For a more anterior or posterior area, I'll have the patient slightly modify their direction of expansion. I can move my contact more anterior or posterior, and then cue the patients to either "push into my fingers" or "push a little more forward (or backward), as you push sideways."
If you are successful, the tender areas should immediately change. The whole rib cage should free up. I often will also use manual trigger-point therapy, a T-bar or Graston Technique to work out the local trigger points. I may want to use laser, microcurrent or electric stimulation to further enhance the tissue change.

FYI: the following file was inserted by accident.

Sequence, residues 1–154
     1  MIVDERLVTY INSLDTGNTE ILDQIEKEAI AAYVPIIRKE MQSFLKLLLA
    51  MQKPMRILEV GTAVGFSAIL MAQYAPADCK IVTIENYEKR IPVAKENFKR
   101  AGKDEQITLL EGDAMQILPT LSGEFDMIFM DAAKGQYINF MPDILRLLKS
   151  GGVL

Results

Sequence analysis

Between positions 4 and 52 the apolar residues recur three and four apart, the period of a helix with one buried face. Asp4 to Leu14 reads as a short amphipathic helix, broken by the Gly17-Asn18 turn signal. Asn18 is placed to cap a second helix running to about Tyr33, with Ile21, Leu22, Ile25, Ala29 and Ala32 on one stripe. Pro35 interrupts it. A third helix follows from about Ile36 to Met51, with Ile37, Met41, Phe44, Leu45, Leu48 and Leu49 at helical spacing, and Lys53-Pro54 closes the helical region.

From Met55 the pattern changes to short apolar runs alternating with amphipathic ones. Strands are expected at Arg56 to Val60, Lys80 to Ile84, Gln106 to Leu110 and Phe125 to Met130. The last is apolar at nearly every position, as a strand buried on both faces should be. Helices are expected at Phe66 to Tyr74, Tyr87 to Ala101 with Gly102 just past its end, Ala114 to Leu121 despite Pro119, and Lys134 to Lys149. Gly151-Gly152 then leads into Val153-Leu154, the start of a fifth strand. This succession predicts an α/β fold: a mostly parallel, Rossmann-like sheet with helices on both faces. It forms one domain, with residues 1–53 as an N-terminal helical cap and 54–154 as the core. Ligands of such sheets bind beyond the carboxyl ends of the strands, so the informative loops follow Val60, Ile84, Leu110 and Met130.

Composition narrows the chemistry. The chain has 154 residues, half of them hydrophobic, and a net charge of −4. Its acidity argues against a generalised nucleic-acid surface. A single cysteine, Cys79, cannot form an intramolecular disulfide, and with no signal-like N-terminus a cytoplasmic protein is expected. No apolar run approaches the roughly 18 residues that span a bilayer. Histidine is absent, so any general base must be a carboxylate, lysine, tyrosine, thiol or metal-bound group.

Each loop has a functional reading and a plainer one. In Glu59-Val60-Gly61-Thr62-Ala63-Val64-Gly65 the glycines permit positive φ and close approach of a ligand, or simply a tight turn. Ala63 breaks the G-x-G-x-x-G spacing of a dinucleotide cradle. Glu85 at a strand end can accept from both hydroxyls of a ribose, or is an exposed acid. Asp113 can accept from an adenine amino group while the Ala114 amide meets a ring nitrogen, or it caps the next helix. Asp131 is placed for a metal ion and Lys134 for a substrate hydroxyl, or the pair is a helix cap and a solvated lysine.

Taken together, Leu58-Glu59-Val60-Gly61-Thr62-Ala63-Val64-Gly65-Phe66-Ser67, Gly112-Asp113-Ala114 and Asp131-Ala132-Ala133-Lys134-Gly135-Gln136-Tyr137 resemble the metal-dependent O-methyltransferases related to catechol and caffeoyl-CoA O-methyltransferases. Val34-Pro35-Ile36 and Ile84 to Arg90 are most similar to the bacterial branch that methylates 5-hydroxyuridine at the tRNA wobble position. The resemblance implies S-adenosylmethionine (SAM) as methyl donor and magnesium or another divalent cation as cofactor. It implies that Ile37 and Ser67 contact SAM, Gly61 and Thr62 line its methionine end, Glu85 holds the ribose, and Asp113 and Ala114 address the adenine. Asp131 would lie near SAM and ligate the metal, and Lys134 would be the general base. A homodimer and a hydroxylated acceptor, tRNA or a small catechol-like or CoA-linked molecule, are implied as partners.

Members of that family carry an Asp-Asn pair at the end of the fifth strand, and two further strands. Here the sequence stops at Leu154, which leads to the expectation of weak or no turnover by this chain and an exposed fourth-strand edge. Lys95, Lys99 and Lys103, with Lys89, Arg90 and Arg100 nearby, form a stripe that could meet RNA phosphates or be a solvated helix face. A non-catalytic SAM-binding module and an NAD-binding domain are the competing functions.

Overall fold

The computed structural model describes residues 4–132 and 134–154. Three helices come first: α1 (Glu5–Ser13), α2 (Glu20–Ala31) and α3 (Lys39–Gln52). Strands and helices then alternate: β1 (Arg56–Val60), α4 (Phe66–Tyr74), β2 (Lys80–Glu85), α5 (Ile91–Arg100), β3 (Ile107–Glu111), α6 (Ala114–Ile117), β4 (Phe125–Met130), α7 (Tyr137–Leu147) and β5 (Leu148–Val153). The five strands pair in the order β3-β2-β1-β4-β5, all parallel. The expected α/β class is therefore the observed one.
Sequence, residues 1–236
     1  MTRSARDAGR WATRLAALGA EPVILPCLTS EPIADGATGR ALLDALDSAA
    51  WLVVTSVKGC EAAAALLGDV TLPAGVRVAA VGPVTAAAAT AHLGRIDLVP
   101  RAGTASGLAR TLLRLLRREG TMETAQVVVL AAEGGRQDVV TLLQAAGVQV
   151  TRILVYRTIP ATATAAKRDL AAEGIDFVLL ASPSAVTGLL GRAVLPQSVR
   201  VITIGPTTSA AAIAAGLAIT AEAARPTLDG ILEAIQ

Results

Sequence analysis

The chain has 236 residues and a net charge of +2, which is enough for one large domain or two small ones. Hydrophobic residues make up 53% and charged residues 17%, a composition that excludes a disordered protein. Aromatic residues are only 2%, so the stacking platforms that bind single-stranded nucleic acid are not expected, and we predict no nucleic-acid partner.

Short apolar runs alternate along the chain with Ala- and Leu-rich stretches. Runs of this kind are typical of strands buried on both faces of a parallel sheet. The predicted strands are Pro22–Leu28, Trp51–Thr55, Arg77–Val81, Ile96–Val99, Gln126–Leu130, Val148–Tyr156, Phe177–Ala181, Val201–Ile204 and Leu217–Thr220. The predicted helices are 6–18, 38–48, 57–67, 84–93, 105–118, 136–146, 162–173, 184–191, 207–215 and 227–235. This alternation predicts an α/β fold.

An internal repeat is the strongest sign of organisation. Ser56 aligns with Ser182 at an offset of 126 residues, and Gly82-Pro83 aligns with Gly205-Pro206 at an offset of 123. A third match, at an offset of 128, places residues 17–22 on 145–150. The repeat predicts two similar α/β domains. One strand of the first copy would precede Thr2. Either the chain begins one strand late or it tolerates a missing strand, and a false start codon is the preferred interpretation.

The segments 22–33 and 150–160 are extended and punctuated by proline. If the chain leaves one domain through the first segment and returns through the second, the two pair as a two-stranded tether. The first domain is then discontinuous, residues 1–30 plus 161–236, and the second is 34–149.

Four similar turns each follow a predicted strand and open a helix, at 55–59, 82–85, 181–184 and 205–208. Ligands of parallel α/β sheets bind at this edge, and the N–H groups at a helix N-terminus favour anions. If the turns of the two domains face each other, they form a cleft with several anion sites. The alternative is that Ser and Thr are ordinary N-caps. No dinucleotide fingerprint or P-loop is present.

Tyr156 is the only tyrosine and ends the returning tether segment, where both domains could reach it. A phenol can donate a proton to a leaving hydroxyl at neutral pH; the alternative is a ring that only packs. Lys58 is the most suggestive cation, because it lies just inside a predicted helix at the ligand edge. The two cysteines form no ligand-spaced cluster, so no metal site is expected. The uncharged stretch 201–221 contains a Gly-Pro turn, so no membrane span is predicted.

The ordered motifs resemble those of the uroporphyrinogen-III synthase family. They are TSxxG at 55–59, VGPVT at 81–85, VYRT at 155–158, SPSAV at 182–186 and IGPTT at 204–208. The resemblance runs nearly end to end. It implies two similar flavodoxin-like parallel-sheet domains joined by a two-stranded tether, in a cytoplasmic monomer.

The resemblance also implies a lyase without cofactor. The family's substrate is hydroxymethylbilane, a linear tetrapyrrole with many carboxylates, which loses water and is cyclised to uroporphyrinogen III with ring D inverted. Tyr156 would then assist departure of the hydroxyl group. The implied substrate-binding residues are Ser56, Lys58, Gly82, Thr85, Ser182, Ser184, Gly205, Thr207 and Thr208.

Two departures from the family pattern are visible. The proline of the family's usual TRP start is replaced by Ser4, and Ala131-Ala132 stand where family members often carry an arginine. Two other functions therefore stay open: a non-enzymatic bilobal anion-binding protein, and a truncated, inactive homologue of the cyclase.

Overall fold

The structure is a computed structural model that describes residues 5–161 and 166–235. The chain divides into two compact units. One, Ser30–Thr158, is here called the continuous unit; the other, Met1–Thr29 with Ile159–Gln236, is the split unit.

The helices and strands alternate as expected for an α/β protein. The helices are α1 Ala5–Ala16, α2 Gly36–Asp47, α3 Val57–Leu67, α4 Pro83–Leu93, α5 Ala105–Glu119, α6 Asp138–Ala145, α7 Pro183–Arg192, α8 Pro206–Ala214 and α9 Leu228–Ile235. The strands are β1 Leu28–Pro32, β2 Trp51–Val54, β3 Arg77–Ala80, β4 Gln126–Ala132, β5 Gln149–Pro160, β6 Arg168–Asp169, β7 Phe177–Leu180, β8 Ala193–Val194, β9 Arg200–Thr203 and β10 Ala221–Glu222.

On R.S., I found that she had tender and restricted intercostal areas on both sides, left and right, the right one being at the rib 6-7 level, the left one at the rib 5-6 level. Any time you have a bilateral problem, it's harder to resolve.
Don't forget to address both anterior sternochondral and posterior rib/thoracic segment involvements as well. Posteriorly, sometimes the key is an individual thoracic joint that resists lateral bending. You can assess this through tenderness at the involved side of the spinous process as you passively side-bend the patient.
This new technique seems to do a great job of more fully mobilizing the intercostal region. Give it a try. Don't forget to coach breathing, getting the patient to have full excursion of the rib cage as they inhale.
Click here for more information about Marc Heller, DC.